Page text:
In the meantime, we are going to spend our time together, as a kid-less family, and hopefully work on some projects like painting/decorating the kid rooms.  As mentioned earlier, Dave did finish his first project - our kitchen table.  He really enjoyed it and is looking forward to starting his next project, which I think is a workbench, but says that will be easy.  I'm hoping the next big project will include a dresser for the "baby" room (I love giving hints to my husband through a blog).  He did such a great job with the table, I am confident that whatever he builds next will be equally impressive.  Here are better pictures of the completed table:

pre-paint/stain

all we need are chairs!

I also completed a mirror framing project that has been on my to-do list.  It was my first pinterest house project.  I think it turned out pretty well!

all you do is glue on these tiles you buy in sheets and...
whoalah!

Thanks again for everyone's support in your comments, prayers, thoughts, donations, and just being there for us!  We really appreciate it and couldn't do this without a community of support.

Love ya!!       

Thursday, March 15, 2012

A Taste

We had the privilege of keeping our friends' 2 foster children for 4 days this past weekend/week.  It  gave us a taste of what it will be like to have little (or big ones) running around the house...and we LOVED it!  Although my friend was thanking us for keeping them, I think they did us the bigger favor.  As you know, my timeline of when we thought we'd  be open for kids continues to get pushed back.  This experience scratched my "foster care mommy" itch just perfectly enough to be content while we wait for God's perfect timing.  I think it will also allow me to better appreciate the time that Dave and I have before the craziness begins.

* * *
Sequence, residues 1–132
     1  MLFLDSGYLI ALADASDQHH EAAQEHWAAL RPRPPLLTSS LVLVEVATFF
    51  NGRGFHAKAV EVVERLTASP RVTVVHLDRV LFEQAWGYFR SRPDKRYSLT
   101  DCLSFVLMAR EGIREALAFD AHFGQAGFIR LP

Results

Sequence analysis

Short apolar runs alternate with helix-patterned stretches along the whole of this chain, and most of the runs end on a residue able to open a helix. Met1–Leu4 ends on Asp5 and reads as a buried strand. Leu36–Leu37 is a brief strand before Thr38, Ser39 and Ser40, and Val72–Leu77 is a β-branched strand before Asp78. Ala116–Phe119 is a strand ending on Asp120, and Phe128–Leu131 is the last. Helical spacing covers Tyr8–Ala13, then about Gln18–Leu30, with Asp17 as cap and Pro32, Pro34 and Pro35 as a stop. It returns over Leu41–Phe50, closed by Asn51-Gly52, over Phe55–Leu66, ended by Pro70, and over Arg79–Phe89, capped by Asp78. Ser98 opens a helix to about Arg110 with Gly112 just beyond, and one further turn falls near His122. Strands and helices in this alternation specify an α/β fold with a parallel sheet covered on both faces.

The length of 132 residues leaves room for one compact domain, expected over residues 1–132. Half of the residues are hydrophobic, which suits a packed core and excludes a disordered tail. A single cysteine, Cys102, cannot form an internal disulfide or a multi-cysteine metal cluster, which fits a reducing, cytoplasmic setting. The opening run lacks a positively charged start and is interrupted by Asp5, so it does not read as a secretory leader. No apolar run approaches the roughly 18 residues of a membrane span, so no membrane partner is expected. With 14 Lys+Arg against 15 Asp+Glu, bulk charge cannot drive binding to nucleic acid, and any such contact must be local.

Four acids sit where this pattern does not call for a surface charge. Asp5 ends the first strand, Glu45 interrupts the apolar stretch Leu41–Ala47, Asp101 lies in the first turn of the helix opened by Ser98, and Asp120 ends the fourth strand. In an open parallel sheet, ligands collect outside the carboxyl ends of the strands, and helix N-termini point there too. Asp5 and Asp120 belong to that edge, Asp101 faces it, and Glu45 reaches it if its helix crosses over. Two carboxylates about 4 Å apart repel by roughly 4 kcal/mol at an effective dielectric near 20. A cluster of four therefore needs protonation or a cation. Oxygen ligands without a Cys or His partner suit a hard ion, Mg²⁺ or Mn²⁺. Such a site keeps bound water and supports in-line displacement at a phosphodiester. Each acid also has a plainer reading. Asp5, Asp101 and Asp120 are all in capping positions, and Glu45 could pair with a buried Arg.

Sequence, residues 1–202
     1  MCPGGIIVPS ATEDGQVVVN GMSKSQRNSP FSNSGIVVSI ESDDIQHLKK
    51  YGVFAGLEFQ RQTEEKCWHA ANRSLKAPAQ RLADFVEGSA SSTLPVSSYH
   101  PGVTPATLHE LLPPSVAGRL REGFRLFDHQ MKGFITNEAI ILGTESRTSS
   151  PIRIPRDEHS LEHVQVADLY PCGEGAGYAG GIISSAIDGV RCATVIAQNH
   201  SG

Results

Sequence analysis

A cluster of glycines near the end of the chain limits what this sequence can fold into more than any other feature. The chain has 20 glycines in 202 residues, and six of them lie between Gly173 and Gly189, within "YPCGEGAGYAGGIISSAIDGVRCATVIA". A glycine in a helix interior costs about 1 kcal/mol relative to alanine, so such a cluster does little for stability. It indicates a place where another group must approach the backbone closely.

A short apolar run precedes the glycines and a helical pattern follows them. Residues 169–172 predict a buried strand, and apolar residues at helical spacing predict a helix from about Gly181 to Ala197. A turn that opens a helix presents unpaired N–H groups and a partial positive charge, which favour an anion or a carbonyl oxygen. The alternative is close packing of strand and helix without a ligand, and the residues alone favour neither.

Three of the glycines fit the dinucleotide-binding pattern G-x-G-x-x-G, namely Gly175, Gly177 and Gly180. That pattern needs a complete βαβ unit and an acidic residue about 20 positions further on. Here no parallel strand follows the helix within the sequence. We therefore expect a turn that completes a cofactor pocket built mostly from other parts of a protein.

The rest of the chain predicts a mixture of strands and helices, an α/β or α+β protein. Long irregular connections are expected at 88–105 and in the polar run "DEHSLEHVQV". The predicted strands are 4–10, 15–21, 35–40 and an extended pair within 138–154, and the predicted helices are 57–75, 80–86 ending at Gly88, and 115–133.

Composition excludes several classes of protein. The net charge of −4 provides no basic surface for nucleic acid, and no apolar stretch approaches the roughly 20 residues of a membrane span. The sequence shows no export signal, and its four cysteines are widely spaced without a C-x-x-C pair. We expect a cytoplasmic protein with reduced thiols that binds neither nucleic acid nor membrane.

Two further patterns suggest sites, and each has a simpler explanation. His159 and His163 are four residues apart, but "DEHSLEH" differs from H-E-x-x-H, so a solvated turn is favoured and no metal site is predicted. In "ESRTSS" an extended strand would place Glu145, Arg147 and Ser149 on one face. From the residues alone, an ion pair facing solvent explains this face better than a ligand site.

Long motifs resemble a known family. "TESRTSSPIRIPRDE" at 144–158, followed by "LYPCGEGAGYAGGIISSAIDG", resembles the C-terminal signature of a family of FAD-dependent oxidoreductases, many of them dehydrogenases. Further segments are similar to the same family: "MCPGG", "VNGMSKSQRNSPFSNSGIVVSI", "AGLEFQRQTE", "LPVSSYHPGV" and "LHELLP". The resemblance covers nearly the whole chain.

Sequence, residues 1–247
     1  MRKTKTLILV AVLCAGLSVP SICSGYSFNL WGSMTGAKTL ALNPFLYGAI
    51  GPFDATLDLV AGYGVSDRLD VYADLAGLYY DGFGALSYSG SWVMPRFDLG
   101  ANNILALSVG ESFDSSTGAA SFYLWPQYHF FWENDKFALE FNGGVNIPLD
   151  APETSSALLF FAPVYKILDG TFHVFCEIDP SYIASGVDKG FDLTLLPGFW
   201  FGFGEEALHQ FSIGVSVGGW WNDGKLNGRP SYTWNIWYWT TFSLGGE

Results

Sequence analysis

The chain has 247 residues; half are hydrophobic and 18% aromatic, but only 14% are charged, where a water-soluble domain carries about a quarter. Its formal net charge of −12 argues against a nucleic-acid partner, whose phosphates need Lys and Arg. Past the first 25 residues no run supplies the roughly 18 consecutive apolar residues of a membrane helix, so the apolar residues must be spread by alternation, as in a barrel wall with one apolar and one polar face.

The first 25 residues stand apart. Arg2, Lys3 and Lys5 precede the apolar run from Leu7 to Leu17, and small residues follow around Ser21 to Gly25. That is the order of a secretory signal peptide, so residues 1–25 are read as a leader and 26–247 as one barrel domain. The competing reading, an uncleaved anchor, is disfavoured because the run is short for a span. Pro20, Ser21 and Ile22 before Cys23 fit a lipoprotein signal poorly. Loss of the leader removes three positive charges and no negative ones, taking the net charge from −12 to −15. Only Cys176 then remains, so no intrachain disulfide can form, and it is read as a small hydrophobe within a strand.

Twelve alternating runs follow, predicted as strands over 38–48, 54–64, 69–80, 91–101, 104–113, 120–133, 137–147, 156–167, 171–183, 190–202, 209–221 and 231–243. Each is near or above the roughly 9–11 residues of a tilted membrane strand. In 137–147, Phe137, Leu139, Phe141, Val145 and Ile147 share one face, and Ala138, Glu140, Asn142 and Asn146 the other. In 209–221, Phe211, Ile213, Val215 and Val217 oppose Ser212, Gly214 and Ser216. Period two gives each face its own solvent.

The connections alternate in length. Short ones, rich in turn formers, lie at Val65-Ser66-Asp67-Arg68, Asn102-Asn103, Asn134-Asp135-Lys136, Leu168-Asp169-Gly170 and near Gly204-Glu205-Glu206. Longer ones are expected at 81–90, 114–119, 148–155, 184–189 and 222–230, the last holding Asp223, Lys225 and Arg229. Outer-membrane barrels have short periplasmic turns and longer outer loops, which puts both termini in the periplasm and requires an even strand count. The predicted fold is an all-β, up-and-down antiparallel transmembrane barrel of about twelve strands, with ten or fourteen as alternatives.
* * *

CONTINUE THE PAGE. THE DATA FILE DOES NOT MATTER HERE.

I wish I could post pictures of the fun we had, but words will have to do.  I'll start with my "high/low."  These kids have a routine of telling their foster parents their high and low from each day...love it!  I think my greatest high was praying with these kids every night before they went to sleep.  We prayed for them, we prayed for their parents, we prayed that they would be reunited with their family, we prayed that they would love God and that they would share Jesus with their family.  How awesome is that??  What a blessing to be able to speak these words to them and to God!  Their foster parents have definitely done a great job sharing Jesus with them.  The older one has told her foster mom that when she grows up she is going to tell everyone about Jesus :)  I know I've said this before, but I can't think of a better blessing than to be able to be used by God to introduce Jesus to these kids.  I have a feeling this will always be my "high."

My "low" - hmmm.  It's really hard to think of one because it was really so much fun.  Granted I did spoil them more than I probably would if we had them long term.  But I wanted it to be more of a vacation for them.  It was also different because they weren't at their own house where they knew how to entertain themselves.  So I did a lot of "entertaining."  Ok so my low...this is going to sound super cheesy but it really was when we had to take them back.  Well maybe not right in that moment...it was nice to think of having the night to ourselves :)  But yesterday and today I've really been missing them.  I've been looking back at the pictures we took and wishing we had more time with them...crazy I know.  So this is not looking good, right?  If I feel this way after 4 days...how in the world am I going to deal with it when we have kids for weeks, months, or even a year!!  Even though it was a super tiny taste, I do feel like I know, or have an idea, of how it might feel.  No, I take that back...I probably still have no idea.  I can't even imagine.  Ugh...I have a feeling that this will definitely, always be my "low."